After his blockbuster trips to the United States and Cuba, there’s a strong case to be made that Pope Francis’ next visit should be closer to home: to France, known as the “eldest daughter of the church,” because of its religious union with Rome since early Christianity.
Yet the pope has yet to make a state visit here, and relations between France and the Vatican these days are tense.
In January 2014, President François Hollande met Francis in the Vatican and told him he would be welcomed in France. Ten months later the pope set foot on French soil, but not to minister to France’s Roman Catholics or to visit the Élysée Palace; it was a four-hour stop in Strasbourg to address the European Parliament. The European Continent, he declared, was a “grandmother, no longer fertile and vibrant,” in danger of losing her soul.
The Vatican was particularly displeased by France’s same-sex marriage law, passed in 2013, which alienated a huge conservative section of France’s Catholic population.
There is much that Pope Francis could say and do here. France is still largely Catholic, but church attendance has been pitifully low for decades, and many of France’s churches have closed for lack of priests.
France’s unofficial religion is “laïcité,” the Republican ideal that since 1905 has decreed the separation of church and state. In 2004, the country banned prominent religious symbols from public schools. The move was aimed at preventing Muslim girls from wearing head scarves, but items like large Christian crosses were also prohibited.
Since then, there have been regular reminders that religion is officially taboo in public. Last spring, for example, the Paris metro system ordered the removal of an advertisement for a concert by musician-priests to raise money for “Christians of the East” facing persecution in Iraq and Syria. After three days of outrage, the Metro authorities backed down, but a lot of ill will was left behind.
Francis, who has made outreach to nonbelievers a priority, could also bring a welcome message of reconciliation to the nation’s sizable Muslim and Jewish populations. He condemned last January’s deadly attack on the Charlie Hebdo newspaper and the “deviant forms of religion” he said were behind it. But he added, “You cannot insult the faith of others.”
In addition, France plays a key role in the developing world, where two-thirds of the world’s 1.2 billion Catholics live. “France is a platform to talk about issues that are important for the pope: the refugee crisis in Europe, the developing world, the need to reject religious extremism, the persecution of Christians,” said John L. Allen Jr., a senior editor at the online Catholic news site Crux.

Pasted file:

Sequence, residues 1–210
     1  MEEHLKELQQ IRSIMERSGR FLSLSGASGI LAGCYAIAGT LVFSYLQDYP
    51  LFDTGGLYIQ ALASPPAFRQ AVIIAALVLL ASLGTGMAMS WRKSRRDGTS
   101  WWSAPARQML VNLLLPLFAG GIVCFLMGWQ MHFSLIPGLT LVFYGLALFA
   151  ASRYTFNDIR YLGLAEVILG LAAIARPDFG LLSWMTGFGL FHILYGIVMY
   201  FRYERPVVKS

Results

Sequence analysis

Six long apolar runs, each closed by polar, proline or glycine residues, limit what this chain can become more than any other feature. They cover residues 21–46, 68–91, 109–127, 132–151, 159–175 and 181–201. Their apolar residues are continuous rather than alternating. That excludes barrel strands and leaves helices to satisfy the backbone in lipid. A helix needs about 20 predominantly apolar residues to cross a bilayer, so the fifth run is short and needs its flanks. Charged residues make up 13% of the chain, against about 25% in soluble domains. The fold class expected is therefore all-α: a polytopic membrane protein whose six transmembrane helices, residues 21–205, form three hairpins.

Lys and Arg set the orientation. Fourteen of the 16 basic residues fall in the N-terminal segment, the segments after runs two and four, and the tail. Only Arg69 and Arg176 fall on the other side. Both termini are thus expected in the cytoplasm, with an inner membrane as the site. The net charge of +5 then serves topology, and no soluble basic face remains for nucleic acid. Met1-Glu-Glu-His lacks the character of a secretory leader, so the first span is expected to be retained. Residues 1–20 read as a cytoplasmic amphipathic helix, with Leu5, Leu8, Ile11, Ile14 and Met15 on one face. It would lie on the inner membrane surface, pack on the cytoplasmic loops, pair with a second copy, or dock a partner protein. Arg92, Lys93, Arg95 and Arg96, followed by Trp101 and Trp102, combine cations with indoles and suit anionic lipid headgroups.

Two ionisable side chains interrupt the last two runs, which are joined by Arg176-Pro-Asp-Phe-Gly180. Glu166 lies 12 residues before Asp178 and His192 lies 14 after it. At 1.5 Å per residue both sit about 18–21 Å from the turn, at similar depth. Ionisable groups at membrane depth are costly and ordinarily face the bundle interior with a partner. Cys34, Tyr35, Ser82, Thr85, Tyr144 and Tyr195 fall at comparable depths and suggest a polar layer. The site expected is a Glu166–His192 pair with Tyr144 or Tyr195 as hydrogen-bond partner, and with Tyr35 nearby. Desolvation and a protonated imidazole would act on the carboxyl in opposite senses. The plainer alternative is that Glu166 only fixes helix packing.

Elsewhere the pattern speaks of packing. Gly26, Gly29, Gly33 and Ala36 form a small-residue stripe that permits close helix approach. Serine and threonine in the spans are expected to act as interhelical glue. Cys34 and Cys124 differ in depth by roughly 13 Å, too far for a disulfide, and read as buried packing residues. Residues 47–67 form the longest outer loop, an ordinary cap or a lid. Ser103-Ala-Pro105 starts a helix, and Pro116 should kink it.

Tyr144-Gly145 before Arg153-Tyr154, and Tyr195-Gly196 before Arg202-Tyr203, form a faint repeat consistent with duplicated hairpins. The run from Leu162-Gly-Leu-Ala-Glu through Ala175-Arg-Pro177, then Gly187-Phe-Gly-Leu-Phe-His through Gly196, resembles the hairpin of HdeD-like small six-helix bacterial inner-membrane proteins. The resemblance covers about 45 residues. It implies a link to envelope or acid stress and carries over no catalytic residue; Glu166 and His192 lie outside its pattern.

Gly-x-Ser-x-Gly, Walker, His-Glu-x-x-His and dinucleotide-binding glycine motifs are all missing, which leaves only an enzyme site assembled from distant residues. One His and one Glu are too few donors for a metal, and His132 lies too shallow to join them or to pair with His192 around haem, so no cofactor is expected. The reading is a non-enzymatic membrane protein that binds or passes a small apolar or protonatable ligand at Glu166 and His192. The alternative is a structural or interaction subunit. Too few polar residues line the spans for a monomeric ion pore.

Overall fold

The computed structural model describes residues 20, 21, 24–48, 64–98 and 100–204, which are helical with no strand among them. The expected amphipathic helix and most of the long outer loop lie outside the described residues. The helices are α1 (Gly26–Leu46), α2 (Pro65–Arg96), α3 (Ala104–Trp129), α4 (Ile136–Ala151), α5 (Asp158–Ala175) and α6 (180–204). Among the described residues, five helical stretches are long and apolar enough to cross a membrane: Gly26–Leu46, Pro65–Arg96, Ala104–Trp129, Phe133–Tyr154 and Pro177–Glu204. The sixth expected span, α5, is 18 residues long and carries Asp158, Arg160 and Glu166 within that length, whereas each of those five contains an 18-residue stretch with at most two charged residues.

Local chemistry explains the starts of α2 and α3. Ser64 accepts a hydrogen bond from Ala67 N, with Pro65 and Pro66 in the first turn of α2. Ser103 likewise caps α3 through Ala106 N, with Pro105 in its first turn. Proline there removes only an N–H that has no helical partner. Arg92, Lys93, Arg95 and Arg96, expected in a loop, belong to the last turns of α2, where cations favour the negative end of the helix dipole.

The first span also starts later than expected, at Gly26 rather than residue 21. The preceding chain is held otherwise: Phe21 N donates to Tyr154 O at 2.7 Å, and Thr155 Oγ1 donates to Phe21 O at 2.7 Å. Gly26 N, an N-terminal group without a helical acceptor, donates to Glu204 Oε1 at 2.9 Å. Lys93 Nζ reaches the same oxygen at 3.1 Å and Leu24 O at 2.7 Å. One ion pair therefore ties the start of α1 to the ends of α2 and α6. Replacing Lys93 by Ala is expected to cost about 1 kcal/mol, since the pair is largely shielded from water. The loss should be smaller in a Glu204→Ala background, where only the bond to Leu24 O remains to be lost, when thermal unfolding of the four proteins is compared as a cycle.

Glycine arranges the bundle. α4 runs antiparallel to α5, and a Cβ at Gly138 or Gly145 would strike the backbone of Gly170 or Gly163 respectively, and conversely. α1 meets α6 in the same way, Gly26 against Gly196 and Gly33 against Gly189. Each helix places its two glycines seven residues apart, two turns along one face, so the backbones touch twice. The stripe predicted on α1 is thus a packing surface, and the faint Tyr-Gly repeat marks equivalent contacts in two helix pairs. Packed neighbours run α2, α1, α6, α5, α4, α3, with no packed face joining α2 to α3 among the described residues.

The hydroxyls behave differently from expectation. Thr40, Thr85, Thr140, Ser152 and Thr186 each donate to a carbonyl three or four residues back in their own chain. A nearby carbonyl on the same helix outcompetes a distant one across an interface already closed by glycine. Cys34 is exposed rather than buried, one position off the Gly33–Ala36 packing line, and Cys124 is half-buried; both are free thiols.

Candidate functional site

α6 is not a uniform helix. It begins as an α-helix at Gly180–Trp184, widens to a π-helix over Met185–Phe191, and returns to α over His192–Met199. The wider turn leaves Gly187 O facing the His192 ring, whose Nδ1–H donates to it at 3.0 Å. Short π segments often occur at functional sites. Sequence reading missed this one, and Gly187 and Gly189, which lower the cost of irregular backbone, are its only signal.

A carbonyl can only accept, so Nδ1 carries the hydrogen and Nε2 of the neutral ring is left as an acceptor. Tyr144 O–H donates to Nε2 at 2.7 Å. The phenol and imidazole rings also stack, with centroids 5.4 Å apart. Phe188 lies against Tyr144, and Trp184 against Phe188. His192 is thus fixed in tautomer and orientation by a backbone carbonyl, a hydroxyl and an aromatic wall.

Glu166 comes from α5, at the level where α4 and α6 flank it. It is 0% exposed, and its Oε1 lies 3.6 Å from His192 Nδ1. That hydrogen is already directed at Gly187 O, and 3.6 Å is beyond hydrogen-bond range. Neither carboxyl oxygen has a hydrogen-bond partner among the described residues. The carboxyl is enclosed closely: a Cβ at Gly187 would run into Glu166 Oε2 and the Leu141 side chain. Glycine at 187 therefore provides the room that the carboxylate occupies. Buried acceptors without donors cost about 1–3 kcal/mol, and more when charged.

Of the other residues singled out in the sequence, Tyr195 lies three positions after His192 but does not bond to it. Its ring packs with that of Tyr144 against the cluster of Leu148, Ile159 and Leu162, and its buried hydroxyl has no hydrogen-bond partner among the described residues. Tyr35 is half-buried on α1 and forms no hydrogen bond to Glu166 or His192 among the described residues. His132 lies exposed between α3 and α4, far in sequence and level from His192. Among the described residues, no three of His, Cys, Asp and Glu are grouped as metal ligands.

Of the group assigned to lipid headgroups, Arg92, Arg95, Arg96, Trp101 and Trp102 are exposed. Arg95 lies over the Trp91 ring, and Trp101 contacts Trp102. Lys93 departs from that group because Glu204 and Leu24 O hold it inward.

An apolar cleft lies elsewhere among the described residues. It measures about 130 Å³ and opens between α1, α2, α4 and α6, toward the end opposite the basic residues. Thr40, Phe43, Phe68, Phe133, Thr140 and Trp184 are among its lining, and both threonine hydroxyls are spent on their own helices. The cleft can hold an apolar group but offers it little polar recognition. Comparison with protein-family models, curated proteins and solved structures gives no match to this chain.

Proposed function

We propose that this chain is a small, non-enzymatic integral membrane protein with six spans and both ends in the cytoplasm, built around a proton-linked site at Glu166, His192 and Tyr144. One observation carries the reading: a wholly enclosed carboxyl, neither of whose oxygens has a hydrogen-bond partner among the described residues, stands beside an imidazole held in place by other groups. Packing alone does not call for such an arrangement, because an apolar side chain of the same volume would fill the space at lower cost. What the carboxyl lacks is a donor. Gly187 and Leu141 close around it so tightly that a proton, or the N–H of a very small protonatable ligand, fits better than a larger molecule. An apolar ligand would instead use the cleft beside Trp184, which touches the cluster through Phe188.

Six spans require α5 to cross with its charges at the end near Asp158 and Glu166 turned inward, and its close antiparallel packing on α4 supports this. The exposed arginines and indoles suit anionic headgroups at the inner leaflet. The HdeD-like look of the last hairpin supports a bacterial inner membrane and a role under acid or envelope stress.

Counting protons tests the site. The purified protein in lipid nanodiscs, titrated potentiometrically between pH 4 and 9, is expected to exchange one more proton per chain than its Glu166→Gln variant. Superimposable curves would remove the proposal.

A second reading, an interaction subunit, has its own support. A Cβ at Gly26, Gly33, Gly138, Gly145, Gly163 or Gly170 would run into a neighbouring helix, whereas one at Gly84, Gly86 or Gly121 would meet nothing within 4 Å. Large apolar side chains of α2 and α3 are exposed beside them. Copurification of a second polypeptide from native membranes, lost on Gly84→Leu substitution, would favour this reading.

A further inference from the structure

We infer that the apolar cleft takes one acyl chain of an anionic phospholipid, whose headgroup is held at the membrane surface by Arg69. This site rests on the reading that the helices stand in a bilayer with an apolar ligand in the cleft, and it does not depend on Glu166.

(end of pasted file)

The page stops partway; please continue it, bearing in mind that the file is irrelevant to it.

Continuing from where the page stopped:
Finally, there is a more personal reason Francis should come: to visit a small crypt under a defunct chapel off the Rue des Martyrs in Paris, where I am a member of the volunteer association. Called the Martyrium, the crypt is believed to be the site of the beheading of St. Denis, the patron saint of France, in the third century. Before surrendering to death, the legend goes, Denis carried his head several miles north — to what is now the Saint-Denis Basilica.
There is no evidence that Pope Francis has a special devotion to St. Denis. But he is the first Jesuit pope, and the Martyrium is where Ignatius Loyola and six compatriots took vows of poverty and chastity in 1534 before the creation of the Jesuit order.
Pierre Favre, the priest who was part of the group and celebrated Mass that day, is said to be Francis’ favorite Jesuit. In 2013, the pope broke with protocol and made Favre a saint. A candidate for sainthood is supposed to have performed two miracles. As far as anyone knew, Favre had not. So Francis resorted to “equivalent canonization,” a rarely used procedure for a candidate revered as holy who died long ago.
The pope could make the crypt a place of pilgrimage. Over the centuries, it was damaged and stripped of its statues and art objects. Rebuilt in the late 19th century, the crypt today is stark and dimly lit. Most Paris guidebooks ignore it. Only four Masses a year are scheduled.
After consulting with the crypt’s volunteer association, I wrote the pope a letter, suggesting that he visit. “Perhaps, Your Holiness, you will one day walk on the same route walked by Saint Denis and Saint Ignatius,” I wrote.
A journalist friend in Rome delivered the letter to Antonio Spadaro, a Jesuit priest close to Francis. Father Spadaro delivered it to the Vatican guesthouse where the pope lives. I knew the pope had a habit of calling perfect strangers on their cellphones, so I rigged up a speaker system on the dining room table. I readied a recording device. I wrote a script in Italian.
So far, Francis hasn’t called. But I refuse to give up.
“I look forward to the surprise of every day,” Francis once wrote.
Elaine Sciolino is a former Paris bureau chief for The New York Times and the author of The Only Street in Paris: Life on the Rue des Martyrs.